7 of 8 people found the following review helpful
A "Cluzzle-ing" Review,
= Durability: = Fun: = Educational:
This review is from: Cluzzle (Toy)
OVERVIEW: Cluzzle covers the somewhat odd "world" of clay puzzle making.
Basically, each player must create a puzzle (or should I say, "Cluzzle") of an object, action or idea, but must create it in such as way as to avoid it being too easy. The trade-off is that one must also be careful as to not make the puzzle too hard, or risk receiving no points at all for their masterpiece.
My group played this using the latest edition rules which do away with the question markers and allow for unlimited questions each round, with the only requirement being that one question must be answered before a new one is asked (to avoid yelling over each other). We also saw fit to play with a house rule that required the person asking the question to pause for a second after their question was answered, to allow time for someone else to start a question. This really helped keep things civil, and stopped one player from "grilling" another under a hot lamp (We tried the old "good cop/bad cop" routine, with mixed results).
In each round, the value of each cluzzle rises by one point until the last round in which cluzzles are worth 3 points. This point scheme applies to both the guesser, and the cluzzle-maker, with both being awarded for a correct guess. In some cases, multiple guessers are awarded.
THE HIGHS: First, the clay itself is quite nice. You can tell that there was an eye to quality here, and while the amount of clay is slightly limiting, it is nice to know that the next time you come back to play, the clay will still be moist enough to work with.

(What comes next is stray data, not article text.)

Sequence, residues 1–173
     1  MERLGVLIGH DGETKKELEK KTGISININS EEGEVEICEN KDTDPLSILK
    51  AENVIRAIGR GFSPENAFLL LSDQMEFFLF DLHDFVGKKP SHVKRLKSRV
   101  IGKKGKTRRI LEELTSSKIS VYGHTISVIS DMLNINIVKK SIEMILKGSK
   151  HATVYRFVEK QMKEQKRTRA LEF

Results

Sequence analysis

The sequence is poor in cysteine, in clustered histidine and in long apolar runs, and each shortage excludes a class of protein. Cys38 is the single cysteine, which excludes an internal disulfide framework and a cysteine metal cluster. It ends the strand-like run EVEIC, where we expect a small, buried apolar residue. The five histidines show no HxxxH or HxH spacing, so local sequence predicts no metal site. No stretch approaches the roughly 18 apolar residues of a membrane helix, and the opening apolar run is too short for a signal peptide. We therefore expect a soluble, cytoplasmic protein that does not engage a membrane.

Additionally, we found that the choice of puzzles to create was very random, and didn't follow any one theme. This makes the game much more challenging, as one doesn't know if the puzzle will be a vegetable, or an olympic event. Also, there are enough catagories that it would be nearly impossible to recognize one from a previous playing.
The laugh factor is huge. We played with a 20-something crowd, and found that the jokes were pretty much endless. A good laugh was had by all, as we pointed out various alternate possibilities for puzzles, or scratched our heads trying to figure out just what that extra glob of clay was meant to represent.
THE LOWS: Only a few things come to mind here. First, the play money is a little tough to work with. It's thin, and sticks together, making it difficult to hand out. All of those playing felt that it would have been better to create a scoring track on the center board, and have each player place a dab of clay denoting their score.
Another item that may have been useful would have been a cardboard "blind" so that others couldn't see your puzzle in it's creation stage. Many times a player will cloud their puzzle in mystery by removing certain give-away attributes, and it would have been nice to have a screen that blocked others from seeing.
OVERALL IMPRESSION: I was a bit stunned by the response "Cluzzle" received. From the most serious players, all the way up to the strictly party-gamers, this one was a success. I had the impression that most felt this was a game not meant to be played at every opportunity, but rather one that would be called on to provide a little comic relief, especially after a longer, more serious game.
I would be inclined to recommend this game to families with young children, as this could be the "Pictionary" of their generation. I would also recommend this to people who like party games, or have friends that would provide extra humour to their creations.
Overall, this is a suprisingly good game worthy of the consideration of almost all gamer types.